Prospective studies have shown that the frequency of gastrointestinal symptoms may be as high as 70% in children with ASD; the majority showing inflammation of the ileum and/or colon. Gene expression profiling studies have suggested that the inflammation in the intestines of GI symptomatic ASD children may represent a unique type of bowel disease, one that is different from both Crohn’s disease and ulcerative colitis yet shares many of the molecular features of these conventional IBDs. Anecdotal reports suggest that treating underlying intestinal inflammation improves the quality of life of these children and their families and, in some cases, improves core autism features such as behavior and cognition.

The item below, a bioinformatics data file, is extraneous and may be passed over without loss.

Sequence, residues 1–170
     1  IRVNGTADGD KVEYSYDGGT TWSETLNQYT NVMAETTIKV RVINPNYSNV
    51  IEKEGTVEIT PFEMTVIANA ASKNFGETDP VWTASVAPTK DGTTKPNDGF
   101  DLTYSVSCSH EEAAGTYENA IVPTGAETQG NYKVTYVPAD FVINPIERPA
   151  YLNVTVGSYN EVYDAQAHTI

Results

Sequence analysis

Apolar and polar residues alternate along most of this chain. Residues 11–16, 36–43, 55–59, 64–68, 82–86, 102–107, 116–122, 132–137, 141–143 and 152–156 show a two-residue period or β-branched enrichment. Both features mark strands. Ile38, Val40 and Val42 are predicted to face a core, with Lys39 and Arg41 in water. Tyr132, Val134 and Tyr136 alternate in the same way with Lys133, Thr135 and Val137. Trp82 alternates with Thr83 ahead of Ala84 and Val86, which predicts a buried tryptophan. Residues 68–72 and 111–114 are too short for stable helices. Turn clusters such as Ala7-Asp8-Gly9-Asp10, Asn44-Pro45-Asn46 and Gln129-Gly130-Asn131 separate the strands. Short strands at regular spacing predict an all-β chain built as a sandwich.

Gene expression profiling in bowel biopsy tissue is an important step in our understanding of autism as the data are derived from pathologically affected tissue. In our study, once the intestinal tissue gene expression profile is established we will seek to determine which of those same markers are present in peripheral blood as well. This will provide an objective and accurate blood test to aid in the diagnosis of ASD-associated inflammatory bowel disease (IBD) and may perhaps preclude the need to perform invasive and expensive ileocolonoscopies. Identification of such markers will also provide important information as to which genes are being “turned on” and “turned off” in patients with ASD-associated IBD thus providing potential targets for treatment of the bowel disease.